review structure

review structure

Review structure
By Laura Brown on 26th February 2019
This blog will briefly tell you how you can structure your literature review for your dissertation.

Review structure

  • AND to find sources that contain more than one keyword (e.g. social media AND body image AND generation Z
  • OR to find sources that contain one of a range of synonyms (e.g. generation Z OR teenagers OR adolescents)
  • NOT to exclude results containing certain terms (e.g. apple NOT fruit)

Dissertation literature review If the literature review is part of your thesis or dissertation, show how your research addresses gaps and contributes new knowledge, or discuss how you have drawn on existing theories and methods to build a framework for your research. Stand-alone literature review If you are writing a stand-alone paper, you can discuss the overall implications of the literature or make suggestions for future research based on the gaps you have identified.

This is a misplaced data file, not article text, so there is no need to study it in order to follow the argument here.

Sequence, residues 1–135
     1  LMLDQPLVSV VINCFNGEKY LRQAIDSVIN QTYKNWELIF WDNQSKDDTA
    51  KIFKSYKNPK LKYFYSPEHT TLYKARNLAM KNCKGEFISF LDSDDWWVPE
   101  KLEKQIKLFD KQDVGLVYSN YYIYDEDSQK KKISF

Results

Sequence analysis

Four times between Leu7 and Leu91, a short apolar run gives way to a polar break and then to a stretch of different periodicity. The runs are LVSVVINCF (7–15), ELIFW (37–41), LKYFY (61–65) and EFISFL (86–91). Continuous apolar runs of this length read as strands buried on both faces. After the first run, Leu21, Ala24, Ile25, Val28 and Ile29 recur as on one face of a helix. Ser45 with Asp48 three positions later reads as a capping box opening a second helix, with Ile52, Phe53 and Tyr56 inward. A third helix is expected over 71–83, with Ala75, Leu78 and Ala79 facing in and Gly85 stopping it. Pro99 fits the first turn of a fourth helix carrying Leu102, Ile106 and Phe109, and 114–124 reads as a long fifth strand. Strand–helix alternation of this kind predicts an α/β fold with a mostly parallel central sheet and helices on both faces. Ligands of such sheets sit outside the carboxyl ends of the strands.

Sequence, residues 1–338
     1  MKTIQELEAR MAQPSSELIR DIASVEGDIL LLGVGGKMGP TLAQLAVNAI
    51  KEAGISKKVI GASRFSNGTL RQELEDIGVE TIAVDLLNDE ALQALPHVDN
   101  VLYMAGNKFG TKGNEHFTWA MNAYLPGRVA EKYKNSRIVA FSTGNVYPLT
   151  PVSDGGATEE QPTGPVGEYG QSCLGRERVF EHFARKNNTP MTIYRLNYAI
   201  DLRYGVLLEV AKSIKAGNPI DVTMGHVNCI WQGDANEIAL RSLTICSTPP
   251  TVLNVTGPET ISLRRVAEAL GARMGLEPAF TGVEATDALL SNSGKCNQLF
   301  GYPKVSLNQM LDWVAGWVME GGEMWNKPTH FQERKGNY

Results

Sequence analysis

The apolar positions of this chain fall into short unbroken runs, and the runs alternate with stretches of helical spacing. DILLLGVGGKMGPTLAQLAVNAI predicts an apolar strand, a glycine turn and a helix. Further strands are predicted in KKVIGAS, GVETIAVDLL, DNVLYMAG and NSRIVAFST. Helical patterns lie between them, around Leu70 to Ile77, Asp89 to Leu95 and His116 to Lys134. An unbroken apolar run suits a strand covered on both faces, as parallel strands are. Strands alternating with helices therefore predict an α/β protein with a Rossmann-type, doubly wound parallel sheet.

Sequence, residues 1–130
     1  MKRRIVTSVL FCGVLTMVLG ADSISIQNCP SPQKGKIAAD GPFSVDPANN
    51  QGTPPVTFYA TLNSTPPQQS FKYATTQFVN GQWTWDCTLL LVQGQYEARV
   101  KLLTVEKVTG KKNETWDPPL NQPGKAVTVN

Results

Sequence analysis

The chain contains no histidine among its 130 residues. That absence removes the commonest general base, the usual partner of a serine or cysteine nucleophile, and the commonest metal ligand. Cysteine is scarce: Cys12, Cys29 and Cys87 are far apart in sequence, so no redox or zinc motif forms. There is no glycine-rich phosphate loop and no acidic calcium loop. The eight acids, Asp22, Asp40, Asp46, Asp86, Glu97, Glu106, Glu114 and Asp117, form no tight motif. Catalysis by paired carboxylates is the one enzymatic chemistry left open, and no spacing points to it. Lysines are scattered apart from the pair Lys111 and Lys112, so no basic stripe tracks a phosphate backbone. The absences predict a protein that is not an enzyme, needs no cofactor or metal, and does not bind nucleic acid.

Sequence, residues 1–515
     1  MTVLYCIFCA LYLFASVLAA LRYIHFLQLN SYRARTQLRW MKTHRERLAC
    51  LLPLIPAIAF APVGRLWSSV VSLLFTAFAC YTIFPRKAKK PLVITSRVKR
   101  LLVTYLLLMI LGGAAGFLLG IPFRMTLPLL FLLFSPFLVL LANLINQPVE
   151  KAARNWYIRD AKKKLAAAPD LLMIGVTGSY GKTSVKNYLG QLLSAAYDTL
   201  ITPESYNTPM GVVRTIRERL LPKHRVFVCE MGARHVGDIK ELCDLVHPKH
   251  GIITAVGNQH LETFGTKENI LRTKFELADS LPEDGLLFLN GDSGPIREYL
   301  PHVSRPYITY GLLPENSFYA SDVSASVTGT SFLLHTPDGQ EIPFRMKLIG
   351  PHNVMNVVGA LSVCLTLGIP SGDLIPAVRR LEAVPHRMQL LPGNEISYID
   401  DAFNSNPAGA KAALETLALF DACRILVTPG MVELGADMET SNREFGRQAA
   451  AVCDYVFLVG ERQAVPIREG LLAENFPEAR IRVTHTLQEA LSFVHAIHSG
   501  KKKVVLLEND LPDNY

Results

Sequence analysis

The introduction should:
The conclusion should:

  • Make a clear and understandable definition of the paper’s thesis and make a logical transition to the review.
  • Reflect the author’s rationale for the review.
  • Clarify how data is organized.
  • Make a short transition to the content of the main body that leads to your given research topic.
    • The list of sources organized in accordance with their topics or in chronological order.
    • An explanation of every subcategory of sources’ relevance as well as how they are connected with each other and the main topic of the paper.

      Review structure
      Although critical reviews might have different evaluation criteria depending on your discipline, they usually have a similar structure. To write the review correctly, you should check your assignment instructions with regard to formatting, discipline-specific criteria and other requirements.

      • present the ideas in the original text accurately, ensuring you cover the main question the text attempts to address
      • discuss the important points, including the evidence the text uses to support the argument, and its conclusion
      • ensure the summary is consistent and understandable to readers who have not read the original text
      • ensure the summary section is shorter than the evaluation section that follows it